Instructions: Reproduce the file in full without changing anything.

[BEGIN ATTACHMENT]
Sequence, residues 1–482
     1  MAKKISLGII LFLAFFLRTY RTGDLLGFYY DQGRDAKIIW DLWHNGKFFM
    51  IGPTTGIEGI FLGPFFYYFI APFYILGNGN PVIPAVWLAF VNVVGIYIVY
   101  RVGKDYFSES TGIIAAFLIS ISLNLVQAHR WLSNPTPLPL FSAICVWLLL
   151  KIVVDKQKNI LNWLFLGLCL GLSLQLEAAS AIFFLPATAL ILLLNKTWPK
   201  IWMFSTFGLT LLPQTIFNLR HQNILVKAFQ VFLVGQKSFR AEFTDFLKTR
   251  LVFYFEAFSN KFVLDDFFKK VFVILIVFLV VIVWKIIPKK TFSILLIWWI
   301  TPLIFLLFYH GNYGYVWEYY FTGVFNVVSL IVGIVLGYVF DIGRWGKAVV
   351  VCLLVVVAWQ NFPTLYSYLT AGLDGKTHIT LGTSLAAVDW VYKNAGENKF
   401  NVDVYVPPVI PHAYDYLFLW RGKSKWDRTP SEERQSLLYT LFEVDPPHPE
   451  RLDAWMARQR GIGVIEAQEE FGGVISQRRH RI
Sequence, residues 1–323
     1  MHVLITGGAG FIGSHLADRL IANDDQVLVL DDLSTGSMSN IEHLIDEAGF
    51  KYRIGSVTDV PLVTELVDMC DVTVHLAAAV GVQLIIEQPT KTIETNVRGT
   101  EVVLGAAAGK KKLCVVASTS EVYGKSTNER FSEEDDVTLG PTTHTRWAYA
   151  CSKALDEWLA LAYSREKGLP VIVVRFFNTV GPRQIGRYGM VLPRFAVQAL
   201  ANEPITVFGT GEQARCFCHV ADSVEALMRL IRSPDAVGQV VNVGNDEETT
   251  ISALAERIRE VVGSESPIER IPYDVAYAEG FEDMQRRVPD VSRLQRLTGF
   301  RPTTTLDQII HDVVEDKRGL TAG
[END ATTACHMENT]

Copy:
Sequence, residues 1–482
     1  MAKKISLGII LFLAFFLRTY RTGDLLGFYY DQGRDAKIIW DLWHNGKFFM
    51  IGPTTGIEGI FLGPFFYYFI APFYILGNGN PVIPAVWLAF VNVVGIYIVY
   101  RVGKDYFSES TGIIAAFLIS ISLNLVQAHR WLSNPTPLPL FSAICVWLLL
   151  KIVVDKQKNI LNWLFLGLCL GLSLQLEAAS AIFFLPATAL ILLLNKTWPK
   201  IWMFSTFGLT LLPQTIFNLR HQNILVKAFQ VFLVGQKSFR AEFTDFLKTR
   251  LVFYFEAFSN KFVLDDFFKK VFVILIVFLV VIVWKIIPKK TFSILLIWWI
   301  TPLIFLLFYH GNYGYVWEYY FTGVFNVVSL IVGIVLGYVF DIGRWGKAVV
   351  VCLLVVVAWQ NFPTLYSYLT AGLDGKTHIT LGTSLAAVDW VYKNAGENKF
   401  NVDVYVPPVI PHAYDYLFLW RGKSKWDRTP SEERQSLLYT LFEVDPPHPE
   451  RLDAWMARQR GIGVIEAQEE FGGVISQRRH RI
Sequence, residues 1–323
     1  MHVLITGGAG FIGSHLADRL IANDDQVLVL DDLSTGSMSN IEHLIDEAGF
    51  KYRIGSVTDV PLVTELVDMC DVTVHLAAAV GVQLIIEQPT KTIETNVRGT
   101  EVVLGAAAGK KKLCVVASTS EVYGKSTNER FSEEDDVTLG PTTHTRWAYA
   151  CSKALDEWLA LAYSREKGLP VIVVRFFNTV GPRQIGRYGM VLPRFAVQAL
   201  ANEPITVFGT GEQARCFCHV ADSVEALMRL IRSPDAVGQV VNVGNDEETT
   251  ISALAERIRE VVGSESPIER IPYDVAYAEG FEDMQRRVPD VSRLQRLTGF
   301  RPTTTLDQII HDVVEDKRGL TAG